It’s so 1990’s, I know, but it’s become one of my favourites. You won’t believe this, but I woke up in the middle of the night thinking about an upside down pear cake. As this kind of cake has never been part of my repertoire, I had to start researching it a bit. Then I made two reasonably good ones before I landed on this adjustment of a few recipes mashed together. Whenever you research a new dish, it’s not about finding a recipe, but about sussing out the system. Once you got that, you can probably get your first run to be okay. Then you adjust from there, reminding yourself all the time not to go gilding the lily.
One proviso in all of that; if you have never tried that particular dish before, follow the blooming recipe to the letter and don’t start “interpreting” right off the bat. You’d be surprised how big a problem that is with professional chefs. We always think we can do it better, which is difficult when you don’t even know where you are starting from. That’s my rant for the day done. So where was I?
The pear cake I had in mind was nicely caramelised, dark in colour and dark in flavour (if that makes any sense), toffeeish with soft, stewey pears that nevertheless hold their shapes. And without wanting to blow my own trumpet, I think it’s been achieved. It does help that I have my own batch of homemade five spice powder! I really do recommend investing the time into making it. For the recipe, click here Project: Aromatic Crispy Duck – Part 1: Five Spice Powder
For the Ginger Syrup:
- 80ml water
- 40g cassonnade or soft brown sugar
- 15g dried ginger
Buy some good quality dried ginger, preferably unsweetened. It’s hard to believe that 40g of cassonnade rather than local soft brown sugar would make any difference in an entire cake, but they do. So go invest in a bag of La Perruche sugar.
Cut the ginger into dice, add the water and cassonnade, or soft brown sugar, bring to the boil and simmer for about 10-15 minutes to reduce by half, then strain. You should get 40ml ginger syrup. You can use this syrup hot or cold, it won’t make much difference. If you notice that when it cools, it’s becoming very thick, you will need to thin it out with a tablespoon of hot water. I add the rum for the caramel to the syrup after it has cooled a little, so I save one step later.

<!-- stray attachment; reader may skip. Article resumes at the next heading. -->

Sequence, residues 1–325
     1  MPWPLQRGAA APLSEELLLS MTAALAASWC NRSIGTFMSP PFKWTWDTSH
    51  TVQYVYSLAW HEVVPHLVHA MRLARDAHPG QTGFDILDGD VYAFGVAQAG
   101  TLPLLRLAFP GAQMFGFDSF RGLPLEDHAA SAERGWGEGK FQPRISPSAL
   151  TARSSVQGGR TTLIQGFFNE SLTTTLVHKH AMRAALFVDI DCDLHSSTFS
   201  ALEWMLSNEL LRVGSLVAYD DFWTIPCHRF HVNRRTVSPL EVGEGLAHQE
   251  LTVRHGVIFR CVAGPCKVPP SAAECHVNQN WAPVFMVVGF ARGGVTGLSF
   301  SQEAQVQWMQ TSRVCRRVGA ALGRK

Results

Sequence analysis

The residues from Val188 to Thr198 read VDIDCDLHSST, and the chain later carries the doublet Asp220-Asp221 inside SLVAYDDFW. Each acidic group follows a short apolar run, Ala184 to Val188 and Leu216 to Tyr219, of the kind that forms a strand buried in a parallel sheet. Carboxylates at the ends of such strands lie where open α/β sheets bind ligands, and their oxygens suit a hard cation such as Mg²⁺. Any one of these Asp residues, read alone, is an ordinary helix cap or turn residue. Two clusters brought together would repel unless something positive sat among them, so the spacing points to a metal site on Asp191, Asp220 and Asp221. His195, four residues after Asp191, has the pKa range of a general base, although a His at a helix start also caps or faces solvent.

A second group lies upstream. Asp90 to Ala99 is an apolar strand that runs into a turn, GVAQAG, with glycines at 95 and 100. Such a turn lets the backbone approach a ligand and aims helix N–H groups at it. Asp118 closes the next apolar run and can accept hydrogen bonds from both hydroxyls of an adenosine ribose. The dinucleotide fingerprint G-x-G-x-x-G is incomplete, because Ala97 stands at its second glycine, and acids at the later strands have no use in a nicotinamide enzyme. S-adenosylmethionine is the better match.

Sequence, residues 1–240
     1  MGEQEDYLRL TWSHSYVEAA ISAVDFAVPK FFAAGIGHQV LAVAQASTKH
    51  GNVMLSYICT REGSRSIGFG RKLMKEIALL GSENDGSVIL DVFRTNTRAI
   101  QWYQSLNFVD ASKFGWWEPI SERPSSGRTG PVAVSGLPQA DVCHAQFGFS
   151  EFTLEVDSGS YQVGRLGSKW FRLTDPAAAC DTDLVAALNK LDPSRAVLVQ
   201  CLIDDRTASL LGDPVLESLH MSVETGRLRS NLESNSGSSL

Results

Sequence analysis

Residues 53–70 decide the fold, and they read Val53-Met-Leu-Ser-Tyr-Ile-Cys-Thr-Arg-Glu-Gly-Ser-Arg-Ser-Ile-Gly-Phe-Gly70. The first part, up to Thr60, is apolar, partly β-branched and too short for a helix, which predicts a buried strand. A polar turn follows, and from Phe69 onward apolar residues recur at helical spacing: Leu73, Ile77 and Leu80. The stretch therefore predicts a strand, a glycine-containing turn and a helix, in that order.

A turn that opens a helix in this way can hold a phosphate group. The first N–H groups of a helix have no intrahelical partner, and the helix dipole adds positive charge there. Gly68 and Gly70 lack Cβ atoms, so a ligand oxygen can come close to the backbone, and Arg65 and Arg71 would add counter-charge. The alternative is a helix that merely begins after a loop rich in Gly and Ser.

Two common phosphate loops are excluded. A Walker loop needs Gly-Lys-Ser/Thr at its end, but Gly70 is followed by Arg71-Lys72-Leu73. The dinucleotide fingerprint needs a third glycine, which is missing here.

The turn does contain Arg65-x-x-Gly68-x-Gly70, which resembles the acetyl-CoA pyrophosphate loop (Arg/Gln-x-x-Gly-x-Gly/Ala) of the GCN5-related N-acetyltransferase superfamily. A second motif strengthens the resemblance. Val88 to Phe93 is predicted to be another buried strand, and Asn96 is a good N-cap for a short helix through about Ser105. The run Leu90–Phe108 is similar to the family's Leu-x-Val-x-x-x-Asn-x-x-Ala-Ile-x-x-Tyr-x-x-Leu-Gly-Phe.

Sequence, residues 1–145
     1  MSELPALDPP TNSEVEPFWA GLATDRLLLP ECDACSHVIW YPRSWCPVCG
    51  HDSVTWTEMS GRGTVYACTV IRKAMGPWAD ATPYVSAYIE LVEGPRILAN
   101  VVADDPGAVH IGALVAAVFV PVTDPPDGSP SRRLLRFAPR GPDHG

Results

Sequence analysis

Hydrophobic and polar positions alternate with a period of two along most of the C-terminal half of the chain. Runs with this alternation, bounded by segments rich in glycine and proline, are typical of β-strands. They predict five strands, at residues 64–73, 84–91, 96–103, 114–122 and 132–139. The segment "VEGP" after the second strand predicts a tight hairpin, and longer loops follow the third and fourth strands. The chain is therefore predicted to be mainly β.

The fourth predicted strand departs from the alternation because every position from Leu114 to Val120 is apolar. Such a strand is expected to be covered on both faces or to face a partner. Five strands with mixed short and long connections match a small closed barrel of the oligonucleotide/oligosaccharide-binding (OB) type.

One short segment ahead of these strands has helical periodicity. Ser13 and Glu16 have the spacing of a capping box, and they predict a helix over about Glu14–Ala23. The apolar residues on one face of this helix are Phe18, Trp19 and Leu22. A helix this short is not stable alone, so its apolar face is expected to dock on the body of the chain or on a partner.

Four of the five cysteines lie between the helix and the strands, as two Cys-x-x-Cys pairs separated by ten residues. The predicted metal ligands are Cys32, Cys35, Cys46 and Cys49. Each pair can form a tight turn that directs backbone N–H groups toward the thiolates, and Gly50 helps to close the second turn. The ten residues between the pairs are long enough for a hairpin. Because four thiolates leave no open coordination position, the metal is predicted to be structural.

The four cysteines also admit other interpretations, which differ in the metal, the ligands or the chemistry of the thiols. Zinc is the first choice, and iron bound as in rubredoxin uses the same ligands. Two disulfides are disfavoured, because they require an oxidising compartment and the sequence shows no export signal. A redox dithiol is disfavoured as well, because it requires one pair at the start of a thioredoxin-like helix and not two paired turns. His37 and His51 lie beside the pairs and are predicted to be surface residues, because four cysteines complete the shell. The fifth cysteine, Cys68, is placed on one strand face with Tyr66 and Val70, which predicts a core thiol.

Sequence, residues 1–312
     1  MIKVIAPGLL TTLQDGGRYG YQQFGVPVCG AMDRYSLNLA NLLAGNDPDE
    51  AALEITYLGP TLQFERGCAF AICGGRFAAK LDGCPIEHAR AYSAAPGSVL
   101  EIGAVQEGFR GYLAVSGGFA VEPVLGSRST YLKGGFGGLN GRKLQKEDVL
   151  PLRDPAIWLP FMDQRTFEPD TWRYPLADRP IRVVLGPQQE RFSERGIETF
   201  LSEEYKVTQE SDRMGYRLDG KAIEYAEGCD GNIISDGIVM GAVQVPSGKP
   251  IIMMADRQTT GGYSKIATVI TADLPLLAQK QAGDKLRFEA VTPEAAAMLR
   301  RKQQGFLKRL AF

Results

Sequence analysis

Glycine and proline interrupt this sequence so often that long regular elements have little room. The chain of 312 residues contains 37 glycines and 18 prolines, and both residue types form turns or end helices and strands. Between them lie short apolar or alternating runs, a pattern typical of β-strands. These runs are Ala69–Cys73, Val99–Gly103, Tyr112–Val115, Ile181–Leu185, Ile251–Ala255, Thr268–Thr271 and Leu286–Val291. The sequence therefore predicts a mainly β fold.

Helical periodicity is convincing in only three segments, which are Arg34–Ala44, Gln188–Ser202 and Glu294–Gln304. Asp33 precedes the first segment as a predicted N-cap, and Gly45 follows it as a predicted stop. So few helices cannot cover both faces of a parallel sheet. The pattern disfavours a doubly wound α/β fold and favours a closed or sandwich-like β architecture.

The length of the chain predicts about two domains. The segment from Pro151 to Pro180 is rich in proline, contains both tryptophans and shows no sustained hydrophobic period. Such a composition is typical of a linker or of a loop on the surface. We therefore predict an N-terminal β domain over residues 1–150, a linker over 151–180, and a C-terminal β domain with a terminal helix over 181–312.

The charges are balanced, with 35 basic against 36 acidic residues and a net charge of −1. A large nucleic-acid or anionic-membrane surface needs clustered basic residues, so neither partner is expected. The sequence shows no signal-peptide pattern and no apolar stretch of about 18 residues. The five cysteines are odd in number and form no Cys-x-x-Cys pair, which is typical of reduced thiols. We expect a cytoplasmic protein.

For the Caramel:
- 50g caster sugar
- 50g butter
- 1 Tbsp dark rum
- 40ml ginger syrup (see Note below)
Making caramel is just a little more difficult than you would think. Most recipes tell you to keep brushing down the sides of the saucepan with water to prevent the edges of the sugar from burning, but honestly? Life is too short to be stand there brushing the sides of pots. Stirring the melting, browning sugar is a very bad idea, because it will crystallise. So I just gently swing the pan to dissolve the darkening side bits in the main body of the sugar. It works just fine! The picture on the right, just to be clear, is not me stirring the caramel, but me stirring the butter in. You can start on high heat and then gradually reduce the heat to keep better control of the process. As soon as you get near a dark golden, take the pan off the heat. In fact it’s a good idea to take it off before you reach the right colour. Have your butter ready and stir it in as soon as your caramel is done. The cooler butter will prevent the caramel from burning.